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Effects of laboratory test conditions on the toxicity of silver to aquatic organisms

Authors

  • Russell J. Erickson,

    Corresponding author
    1. U.S. Environmental Protection Agency, National Health and Environmental Effects Laboratory, Mid-Continent Ecology Division, Duluth, Minnesota 55804
    • U.S. Environmental Protection Agency, National Health and Environmental Effects Laboratory, Mid-Continent Ecology Division, Duluth, Minnesota 55804
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  • Larry T. Brooke,

    1. Lake Superior Research Institute, Environmental Health Laboratory, University of Wisconsin Superior, Wisconsin 54880 USA
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  • Michael D. Kahl,

    1. U.S. Environmental Protection Agency, National Health and Environmental Effects Laboratory, Mid-Continent Ecology Division, Duluth, Minnesota 55804
    2. Lake Superior Research Institute, Environmental Health Laboratory, University of Wisconsin Superior, Wisconsin 54880 USA
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  • Fred Vende Venter,

    1. Lake Superior Research Institute, Environmental Health Laboratory, University of Wisconsin Superior, Wisconsin 54880 USA
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  • Sandra L. Harting,

    1. Lake Superior Research Institute, Environmental Health Laboratory, University of Wisconsin Superior, Wisconsin 54880 USA
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  • Thomas P. Markee,

    1. Lake Superior Research Institute, Environmental Health Laboratory, University of Wisconsin Superior, Wisconsin 54880 USA
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  • Robert L. Spehar

    1. U.S. Environmental Protection Agency, National Health and Environmental Effects Laboratory, Mid-Continent Ecology Division, Duluth, Minnesota 55804
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  • This manuscript was reviewed in accordance with official U.S. Environmental Protection Agency (EPA) procedures; however, the content does not reflect EPA policy. Mention of trade names does not imply endorsement by the EPA or the U.S. federal government.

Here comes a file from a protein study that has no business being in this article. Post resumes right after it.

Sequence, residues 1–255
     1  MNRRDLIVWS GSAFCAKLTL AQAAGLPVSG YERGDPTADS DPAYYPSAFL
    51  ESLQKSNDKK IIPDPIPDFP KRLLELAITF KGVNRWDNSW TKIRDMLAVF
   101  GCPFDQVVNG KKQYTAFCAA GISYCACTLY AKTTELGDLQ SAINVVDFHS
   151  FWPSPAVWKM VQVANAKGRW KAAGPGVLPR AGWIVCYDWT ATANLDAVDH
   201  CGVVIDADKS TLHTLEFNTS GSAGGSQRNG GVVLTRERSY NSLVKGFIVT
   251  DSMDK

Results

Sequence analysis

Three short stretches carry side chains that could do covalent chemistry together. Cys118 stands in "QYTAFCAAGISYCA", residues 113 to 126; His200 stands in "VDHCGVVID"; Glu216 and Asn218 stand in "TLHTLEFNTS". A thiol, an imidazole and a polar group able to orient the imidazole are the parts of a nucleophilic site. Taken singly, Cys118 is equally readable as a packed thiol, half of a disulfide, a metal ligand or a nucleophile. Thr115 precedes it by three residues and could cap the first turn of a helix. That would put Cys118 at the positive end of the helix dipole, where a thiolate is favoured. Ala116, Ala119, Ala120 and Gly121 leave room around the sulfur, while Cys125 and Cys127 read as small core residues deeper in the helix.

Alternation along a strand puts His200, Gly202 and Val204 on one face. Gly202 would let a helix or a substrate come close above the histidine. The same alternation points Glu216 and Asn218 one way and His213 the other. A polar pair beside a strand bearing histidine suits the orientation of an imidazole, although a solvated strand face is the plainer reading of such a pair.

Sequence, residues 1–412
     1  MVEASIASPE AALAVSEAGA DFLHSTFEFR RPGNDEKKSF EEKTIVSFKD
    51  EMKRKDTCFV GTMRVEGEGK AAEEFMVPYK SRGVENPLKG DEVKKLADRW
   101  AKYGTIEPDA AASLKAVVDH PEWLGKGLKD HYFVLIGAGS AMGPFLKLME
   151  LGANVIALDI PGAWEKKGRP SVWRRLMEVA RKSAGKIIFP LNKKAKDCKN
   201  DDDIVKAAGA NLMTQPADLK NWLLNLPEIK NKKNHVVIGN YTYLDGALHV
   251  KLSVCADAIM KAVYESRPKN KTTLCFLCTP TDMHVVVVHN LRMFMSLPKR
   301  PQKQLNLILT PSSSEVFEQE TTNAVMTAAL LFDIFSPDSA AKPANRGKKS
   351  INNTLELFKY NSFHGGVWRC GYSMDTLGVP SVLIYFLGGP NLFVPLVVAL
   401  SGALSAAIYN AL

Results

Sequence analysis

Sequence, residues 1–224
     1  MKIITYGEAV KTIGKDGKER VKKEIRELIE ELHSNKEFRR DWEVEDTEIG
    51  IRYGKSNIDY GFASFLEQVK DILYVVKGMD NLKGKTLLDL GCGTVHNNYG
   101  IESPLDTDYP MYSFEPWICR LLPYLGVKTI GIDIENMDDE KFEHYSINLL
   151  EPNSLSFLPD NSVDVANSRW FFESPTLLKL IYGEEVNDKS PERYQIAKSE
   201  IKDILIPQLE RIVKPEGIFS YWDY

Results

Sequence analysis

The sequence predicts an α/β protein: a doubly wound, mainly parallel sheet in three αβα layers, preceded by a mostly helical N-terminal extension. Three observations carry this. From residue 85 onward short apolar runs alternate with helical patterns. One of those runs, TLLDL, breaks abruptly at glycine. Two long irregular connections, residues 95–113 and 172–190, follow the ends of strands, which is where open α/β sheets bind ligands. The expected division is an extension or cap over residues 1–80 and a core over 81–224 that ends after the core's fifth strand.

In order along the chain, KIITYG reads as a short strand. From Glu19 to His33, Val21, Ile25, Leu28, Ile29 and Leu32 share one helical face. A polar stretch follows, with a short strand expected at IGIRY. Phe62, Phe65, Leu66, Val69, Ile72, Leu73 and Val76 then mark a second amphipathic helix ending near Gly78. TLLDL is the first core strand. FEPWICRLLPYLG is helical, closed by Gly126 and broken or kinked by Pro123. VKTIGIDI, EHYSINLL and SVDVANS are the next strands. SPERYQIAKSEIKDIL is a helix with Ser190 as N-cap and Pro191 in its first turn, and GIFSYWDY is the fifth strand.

Abstract

The effects of various chemical manipulations of test water on acute toxicity of silver to fathead minnows (Pimephales promelas) were investigated. Increases in hardness and organic carbon substantially reduced toxicity. Toxicity was also inversely related to pH and alkalinity when these parameters were jointly changed by addition of strong acid or base. The addition of 2 meq/L sodium sulfate had no significant effects, but the addition of 0.2 meq/L sodium chloride increased toxicity, perhaps related to the formation of the dissolved AgCl0 complex. We also evaluated the effects of static versus flow-through test conditions, feeding during exposure, and aging of test solutions before exposure on the acute toxicity of silver to fathead minnows and Daphnia magna. Static conditions and feeding reduced toxicity, likely as a result of accretion of organic carbon. Aging of test solutions had little effect. For both juvenile fathead minnows and D. magna, silver was much less toxic in water from the St. Louis River than in our normal laboratory water, presumably because of the much higher organic carbon content of the river water. This study identified some aspects of test conditions that are important in assessing the risk of silver to aquatic biota, but improved assessments will require information for more conditions, species, and endpoints. More importantly, if toxicity test results are to be extrapolated among waters with different chemistries, adequate characterization of the chemical speciation of silver and a better understanding of the mechanisms of silver toxicity and its relationship to silver speciation and other chemical factors are needed.

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